On September 7, 2017, Equifax, one of the “big three” U.S. credit reporting agencies, reported that hackers had gained access to sensitive personal information of 143 million Americans contained within Equifax’s extensive consumer files. If Equifax has a credit file on you–as it does on most Americans–your chances of being affected by this data breach are more than 50%. Equifax has known about this hack since June 29, 2017.

Equifax keeps extensive dossiers of data about consumers and sells that data to prospective creditors, current creditors, and others who subscribe to Equifax’s services. While some news outlets have described the hack as affecting Equifax “customers,” this is not accurate. Equifax has a file on you regardless of whether you have ever consented to it, and it is allowed, subject to the constraints of the Fair Credit Reporting Act 15 U.S.C. § 1681 (“FCRA”), to disclose your information to its subscribers. In other words, you are its product, not its customer.

The data in Equifax’s file typically includes the person’s name, address history, social security number, telephone numbers, a detailed credit history–i.e., open and/or closed loans and credit accounts, amounts owed, amounts and dates of recent payments, and any history of late payments or defaults–and public record information like bankruptcies or judgments. Equifax’s credit file on a consumer typically contains sufficient information to enable an unscrupulous person to steal the consumer’s identify and open fraudulent credit accounts in his or her name. This type of identity theft can result in enormous disruption, including harassment by debt collectors seeking to collect the fraudulently incurred debt, closure or freezing of existing legitimate lines of credit, and inability to obtain new legitimate loans because of damage to the victim’s credit inflicted by failure to repay the fraudulent loans.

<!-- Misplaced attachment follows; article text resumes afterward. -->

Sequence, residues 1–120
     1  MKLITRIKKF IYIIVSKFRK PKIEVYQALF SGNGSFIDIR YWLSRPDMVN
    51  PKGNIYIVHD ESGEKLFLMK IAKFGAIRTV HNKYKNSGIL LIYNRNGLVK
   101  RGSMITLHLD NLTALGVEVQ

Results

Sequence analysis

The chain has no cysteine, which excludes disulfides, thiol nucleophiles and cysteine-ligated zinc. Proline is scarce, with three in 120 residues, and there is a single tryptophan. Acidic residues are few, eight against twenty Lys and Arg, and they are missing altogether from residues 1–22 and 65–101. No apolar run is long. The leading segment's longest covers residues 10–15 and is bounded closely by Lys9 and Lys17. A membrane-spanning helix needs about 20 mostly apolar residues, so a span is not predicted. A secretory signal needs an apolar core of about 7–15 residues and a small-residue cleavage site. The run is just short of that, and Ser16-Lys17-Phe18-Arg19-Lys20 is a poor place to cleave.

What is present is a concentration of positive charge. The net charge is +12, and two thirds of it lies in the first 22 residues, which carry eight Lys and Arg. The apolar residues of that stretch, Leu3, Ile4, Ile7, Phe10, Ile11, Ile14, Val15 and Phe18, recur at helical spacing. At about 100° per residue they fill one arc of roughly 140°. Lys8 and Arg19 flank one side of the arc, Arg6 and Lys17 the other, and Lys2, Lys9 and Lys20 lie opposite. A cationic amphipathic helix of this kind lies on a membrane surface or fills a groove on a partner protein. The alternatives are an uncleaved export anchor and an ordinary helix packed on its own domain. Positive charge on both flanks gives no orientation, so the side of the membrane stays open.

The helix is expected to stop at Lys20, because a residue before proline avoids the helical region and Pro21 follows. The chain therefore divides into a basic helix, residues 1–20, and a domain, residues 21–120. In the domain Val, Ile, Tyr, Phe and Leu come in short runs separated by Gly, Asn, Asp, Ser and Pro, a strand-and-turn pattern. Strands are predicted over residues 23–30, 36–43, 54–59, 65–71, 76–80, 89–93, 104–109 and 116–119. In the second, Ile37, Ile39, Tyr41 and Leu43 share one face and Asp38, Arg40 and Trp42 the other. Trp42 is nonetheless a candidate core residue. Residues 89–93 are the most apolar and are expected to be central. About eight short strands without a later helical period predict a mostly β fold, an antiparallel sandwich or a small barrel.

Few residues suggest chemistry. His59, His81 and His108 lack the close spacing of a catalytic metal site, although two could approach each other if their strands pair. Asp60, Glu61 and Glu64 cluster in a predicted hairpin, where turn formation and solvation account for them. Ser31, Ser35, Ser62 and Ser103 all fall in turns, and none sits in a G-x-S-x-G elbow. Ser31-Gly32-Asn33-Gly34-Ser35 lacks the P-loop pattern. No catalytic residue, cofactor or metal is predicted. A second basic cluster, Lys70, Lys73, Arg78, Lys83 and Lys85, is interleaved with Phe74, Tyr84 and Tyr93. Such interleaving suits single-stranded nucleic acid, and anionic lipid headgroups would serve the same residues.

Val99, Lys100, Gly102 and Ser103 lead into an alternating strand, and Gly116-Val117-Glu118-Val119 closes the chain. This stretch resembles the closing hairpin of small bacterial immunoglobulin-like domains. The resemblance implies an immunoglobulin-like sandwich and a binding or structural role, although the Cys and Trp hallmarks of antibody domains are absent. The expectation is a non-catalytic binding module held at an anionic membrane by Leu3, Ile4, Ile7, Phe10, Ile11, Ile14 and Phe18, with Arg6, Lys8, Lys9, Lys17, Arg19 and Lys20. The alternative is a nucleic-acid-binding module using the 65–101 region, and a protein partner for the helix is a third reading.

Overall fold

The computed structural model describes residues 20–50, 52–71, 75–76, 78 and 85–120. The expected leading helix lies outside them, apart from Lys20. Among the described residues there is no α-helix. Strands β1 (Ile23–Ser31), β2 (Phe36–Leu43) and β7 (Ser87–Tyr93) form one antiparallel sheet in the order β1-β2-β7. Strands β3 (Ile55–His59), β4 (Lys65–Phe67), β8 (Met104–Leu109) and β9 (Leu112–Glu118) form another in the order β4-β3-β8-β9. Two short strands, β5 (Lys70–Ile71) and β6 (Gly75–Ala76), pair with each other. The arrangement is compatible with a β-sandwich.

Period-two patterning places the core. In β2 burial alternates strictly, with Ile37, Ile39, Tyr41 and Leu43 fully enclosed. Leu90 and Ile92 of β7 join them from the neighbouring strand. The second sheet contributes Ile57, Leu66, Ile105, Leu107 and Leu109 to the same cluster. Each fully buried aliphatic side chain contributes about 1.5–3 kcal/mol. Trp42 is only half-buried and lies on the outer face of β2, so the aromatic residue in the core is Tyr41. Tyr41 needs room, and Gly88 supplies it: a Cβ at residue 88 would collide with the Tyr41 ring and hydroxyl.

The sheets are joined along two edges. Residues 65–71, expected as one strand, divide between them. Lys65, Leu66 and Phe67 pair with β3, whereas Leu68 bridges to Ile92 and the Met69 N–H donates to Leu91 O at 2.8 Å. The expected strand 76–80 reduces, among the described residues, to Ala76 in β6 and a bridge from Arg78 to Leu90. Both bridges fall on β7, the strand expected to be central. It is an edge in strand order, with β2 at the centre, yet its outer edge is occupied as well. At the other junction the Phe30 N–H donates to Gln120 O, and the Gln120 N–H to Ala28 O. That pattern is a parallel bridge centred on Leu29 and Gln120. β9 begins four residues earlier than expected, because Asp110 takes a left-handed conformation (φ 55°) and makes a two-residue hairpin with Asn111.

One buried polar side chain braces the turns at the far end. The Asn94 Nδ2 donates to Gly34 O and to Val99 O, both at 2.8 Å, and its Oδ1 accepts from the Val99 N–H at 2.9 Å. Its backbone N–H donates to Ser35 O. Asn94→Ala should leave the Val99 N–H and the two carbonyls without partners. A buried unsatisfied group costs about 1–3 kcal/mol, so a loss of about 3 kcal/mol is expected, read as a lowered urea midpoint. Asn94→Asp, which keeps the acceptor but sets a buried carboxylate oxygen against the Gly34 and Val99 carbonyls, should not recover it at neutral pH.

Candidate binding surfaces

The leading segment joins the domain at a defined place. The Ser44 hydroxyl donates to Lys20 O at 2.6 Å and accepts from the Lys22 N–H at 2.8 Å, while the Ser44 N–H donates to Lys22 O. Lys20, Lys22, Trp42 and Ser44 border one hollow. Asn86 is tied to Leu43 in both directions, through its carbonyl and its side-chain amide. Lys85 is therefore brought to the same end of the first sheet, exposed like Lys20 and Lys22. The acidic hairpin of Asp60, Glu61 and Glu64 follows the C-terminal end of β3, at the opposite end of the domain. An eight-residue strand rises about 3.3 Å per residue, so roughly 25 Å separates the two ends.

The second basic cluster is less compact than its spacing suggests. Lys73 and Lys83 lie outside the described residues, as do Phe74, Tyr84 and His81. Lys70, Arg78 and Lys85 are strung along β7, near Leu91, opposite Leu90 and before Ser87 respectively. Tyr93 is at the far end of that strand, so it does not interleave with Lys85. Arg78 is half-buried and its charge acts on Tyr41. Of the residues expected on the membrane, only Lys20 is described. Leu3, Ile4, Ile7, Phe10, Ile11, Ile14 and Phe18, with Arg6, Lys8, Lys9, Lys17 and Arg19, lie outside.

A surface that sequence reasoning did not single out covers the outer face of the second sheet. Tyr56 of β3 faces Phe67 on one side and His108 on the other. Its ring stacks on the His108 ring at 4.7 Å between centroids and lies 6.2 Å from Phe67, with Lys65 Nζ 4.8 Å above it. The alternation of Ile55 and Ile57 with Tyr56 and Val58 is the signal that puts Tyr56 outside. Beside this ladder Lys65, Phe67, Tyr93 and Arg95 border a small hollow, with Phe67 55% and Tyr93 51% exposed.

Equifax and its main competitors, Trans Union and Experian, are closely regulated by the FCRA and have a duty under the law to ensure “maximum possible accuracy” of consumer reports provided to third parties. Numerous class-action lawsuits have already been filed regarding the data breach, and chances are good that you may be deemed a member of one or more classes and may eventually be entitled to relief accordingly. However, the more immediate concern is potential identity theft and damage to consumers’ credit. If you do not already monitor your credit, now is a good time to start. Note that Equifax, Trans Union and Experian are required by law to provide each consumer with at least one full, free credit report annually. These bureaus provide free credit reports online at www.annualcreditreport.com. In addition, if you are ever denied credit on the basis of an Equifax, Experian, or Trans Union report, you have the legal right to receive a free copy of the report on which the credit denial was based. Exercise this right any time you are denied credit for any reason.

If you discover fraudulent accounts or inaccuracies in any or all of your credit reports, you have the right to dispute the reports and may be entitled to compensation under the FCRA. Westbrook Law PLLC is experienced in representing consumers affected by inaccurate and improper credit reporting, and can provide guidance if you discover credit reporting errors or fraud. Contact us for a consultation.

TJW

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